Page 139 - MIGRATION

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of pop-folk music, Bulgarian newspapers and general information from Bulgaria.
A third large topic, on which there is an abundance of intriguing materials collected,
is connected with
the town of Edirne and the culture of migrants
. According to the local
connoisseurs cognizant of the history of music in Edirne, we could be taken 50-60 years back at
the most. As a town on the border, it has changed its population many times. This is a town of
residents, who have been arriving from the early nineteenth century up to nowadays as a result of
international agreements, and later through migration from Greece, Macedonia, Bosnia, Bulgaria,
etc. Inplaceof thepopulation that left (andused tobepredominant, according tosome informants):
Armenians, Greeks, Jews, Bulgarians, who lived in separate neighbourhoods, there arrived Balkan
Turks, Roma, and BulgarianMuslims. The“travelling cultures”change the ambience of the town and
the former town culture gets nearly lost among the new settlers. Among the products and crafts
characteristic of them, one comes across almond sweets, the speciality of Jews from Edirne, or the
Greek cheese (
). The memory of Bulgarians is that they had ovens and used to make bread.
The fieldwork research demonstrated that the memory of the once famous among the Christians
master craftsmen of Edirne, who made bagpipes, has been wiped out almost entirely as the Turks
have no bagpipes. Nowadays in local music there are titles of dance melodies like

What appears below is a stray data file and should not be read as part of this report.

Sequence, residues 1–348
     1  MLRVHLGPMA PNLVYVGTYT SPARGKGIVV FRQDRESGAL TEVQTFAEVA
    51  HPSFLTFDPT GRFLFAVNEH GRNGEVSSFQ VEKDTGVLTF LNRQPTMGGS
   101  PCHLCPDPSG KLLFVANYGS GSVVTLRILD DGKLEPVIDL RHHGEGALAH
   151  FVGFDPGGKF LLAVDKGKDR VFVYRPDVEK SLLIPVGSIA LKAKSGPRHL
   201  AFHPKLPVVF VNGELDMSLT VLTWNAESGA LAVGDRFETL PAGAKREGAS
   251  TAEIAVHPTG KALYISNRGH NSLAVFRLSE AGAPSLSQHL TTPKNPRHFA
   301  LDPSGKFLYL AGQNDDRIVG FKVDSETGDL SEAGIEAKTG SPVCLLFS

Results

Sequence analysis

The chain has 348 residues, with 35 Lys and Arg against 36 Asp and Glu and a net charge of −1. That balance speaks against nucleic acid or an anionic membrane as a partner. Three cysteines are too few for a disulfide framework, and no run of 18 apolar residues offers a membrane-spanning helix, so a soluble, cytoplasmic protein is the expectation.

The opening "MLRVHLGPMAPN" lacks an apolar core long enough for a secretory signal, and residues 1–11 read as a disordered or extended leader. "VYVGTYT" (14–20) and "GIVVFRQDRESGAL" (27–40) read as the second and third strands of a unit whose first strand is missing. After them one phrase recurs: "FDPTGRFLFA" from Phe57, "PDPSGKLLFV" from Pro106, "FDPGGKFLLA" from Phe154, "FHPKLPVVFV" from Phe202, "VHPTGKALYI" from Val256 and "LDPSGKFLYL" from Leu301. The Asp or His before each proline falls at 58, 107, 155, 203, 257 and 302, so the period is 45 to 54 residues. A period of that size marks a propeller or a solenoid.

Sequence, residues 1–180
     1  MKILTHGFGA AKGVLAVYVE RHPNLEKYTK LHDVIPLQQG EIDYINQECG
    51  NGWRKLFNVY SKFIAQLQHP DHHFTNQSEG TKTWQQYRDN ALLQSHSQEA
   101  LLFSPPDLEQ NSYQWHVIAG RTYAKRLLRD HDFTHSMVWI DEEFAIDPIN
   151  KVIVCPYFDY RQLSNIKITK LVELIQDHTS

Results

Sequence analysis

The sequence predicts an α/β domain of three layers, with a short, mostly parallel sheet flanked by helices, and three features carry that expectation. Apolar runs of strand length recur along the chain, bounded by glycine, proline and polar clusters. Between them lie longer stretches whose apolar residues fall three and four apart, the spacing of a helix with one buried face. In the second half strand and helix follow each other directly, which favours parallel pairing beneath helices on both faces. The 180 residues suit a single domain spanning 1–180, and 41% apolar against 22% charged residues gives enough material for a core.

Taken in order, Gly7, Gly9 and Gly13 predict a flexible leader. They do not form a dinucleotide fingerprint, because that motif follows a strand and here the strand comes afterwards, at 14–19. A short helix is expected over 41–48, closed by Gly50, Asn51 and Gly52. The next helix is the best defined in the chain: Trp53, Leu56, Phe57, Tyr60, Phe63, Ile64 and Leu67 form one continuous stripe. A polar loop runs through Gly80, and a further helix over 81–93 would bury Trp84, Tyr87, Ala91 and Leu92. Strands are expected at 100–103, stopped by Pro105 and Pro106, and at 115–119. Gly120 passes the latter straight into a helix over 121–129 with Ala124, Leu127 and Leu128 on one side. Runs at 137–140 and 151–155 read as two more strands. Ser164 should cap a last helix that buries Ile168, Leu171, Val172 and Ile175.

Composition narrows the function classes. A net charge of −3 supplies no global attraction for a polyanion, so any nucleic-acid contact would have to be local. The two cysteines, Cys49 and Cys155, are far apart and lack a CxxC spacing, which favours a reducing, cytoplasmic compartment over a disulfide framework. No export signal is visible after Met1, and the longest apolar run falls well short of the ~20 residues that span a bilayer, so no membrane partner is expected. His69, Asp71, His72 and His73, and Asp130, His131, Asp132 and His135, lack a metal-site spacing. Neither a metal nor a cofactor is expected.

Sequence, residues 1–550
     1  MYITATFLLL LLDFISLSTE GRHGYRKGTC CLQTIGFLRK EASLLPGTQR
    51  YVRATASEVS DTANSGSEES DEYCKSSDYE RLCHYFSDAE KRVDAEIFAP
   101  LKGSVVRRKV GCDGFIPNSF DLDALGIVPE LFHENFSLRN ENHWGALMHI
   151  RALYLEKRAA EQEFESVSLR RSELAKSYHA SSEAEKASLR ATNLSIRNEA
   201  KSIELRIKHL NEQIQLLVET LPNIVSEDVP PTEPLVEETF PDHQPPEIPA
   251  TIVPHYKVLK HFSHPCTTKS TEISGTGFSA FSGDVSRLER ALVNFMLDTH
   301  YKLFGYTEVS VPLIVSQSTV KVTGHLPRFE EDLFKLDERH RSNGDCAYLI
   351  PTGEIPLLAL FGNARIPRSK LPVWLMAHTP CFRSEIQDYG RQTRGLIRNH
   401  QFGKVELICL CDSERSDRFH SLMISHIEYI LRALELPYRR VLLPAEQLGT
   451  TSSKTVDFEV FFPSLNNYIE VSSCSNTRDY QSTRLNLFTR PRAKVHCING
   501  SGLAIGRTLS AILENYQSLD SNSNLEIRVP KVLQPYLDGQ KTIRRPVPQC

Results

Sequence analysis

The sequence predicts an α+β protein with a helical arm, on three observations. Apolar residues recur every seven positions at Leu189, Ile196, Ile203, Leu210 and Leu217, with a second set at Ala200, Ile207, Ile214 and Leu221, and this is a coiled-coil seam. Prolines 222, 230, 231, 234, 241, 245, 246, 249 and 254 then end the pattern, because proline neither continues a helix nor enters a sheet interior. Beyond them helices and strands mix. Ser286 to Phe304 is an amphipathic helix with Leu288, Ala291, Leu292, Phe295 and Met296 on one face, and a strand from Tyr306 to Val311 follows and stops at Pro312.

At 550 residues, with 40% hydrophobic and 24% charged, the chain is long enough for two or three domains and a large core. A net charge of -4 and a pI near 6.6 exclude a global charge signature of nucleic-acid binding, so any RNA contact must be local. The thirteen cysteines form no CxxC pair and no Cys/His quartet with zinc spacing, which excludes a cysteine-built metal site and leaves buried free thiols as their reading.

Balkan gayda
(bagpipe) or
Pomak gayda
. With the arrival of the Roma and the Roma musicians in town, playing
was established and popularised. The Roma musicians in Edirne are even legitimised by
the local authorities, television, journalists and visitors as the bearers of the music emblematic of
the town. The Roma
players provide the accompaniment for many of the representative folk
dance groups in Edirne: the children’s dancing group at the municipality, the students’ dancing
group at the Thracian University, etc. The musicians play melodies of the Balkans according to
the origin of the respective dances that are performed. There are representative orchestras of
and drums (with Roma players), which take part in the festive town marches and as the
background music for the annual Kırkpınar oil-wrestling. İn the phrase of one of the best familial
players in town, Fahrettin Zurnacı, the music they perform is Rumelian, i.e. from the Balkans.
played on the
are Rumelian, “our music is not appreciated in Anatolia.”
Presently, there are amateur choirs and orchestras of traditional instruments in town, and
they play folk (
) and classical (
) Turkish music. A source of a large part of their repertoir
are the archives of the Turkish Radio andTelevision (TRT) that circulate note sheets and recordings.
The music groups in Edirne have a preference for the local repertoir of songs from Rumelia,
which establishes their regional specificity. There is a similar attempt in the repertoir policies of
the folk dance schools and formations in town, which perform predominantly Rumelian dances.
Thus, the music and the dances of the Balkan peninsula integrate the population of Edirne in the
overall diversity of local culture.
The researchon the connectionbetween themigrationprocesses and themusical culture of
the migrants, which I have outlined here, is to be further developed and expanded, with new field
observations and research quests added to it. The world of music is colourful and inexhaustible,
fluid and multifaceted, spatially and temporally open.
Translated by Vitana Kostadinova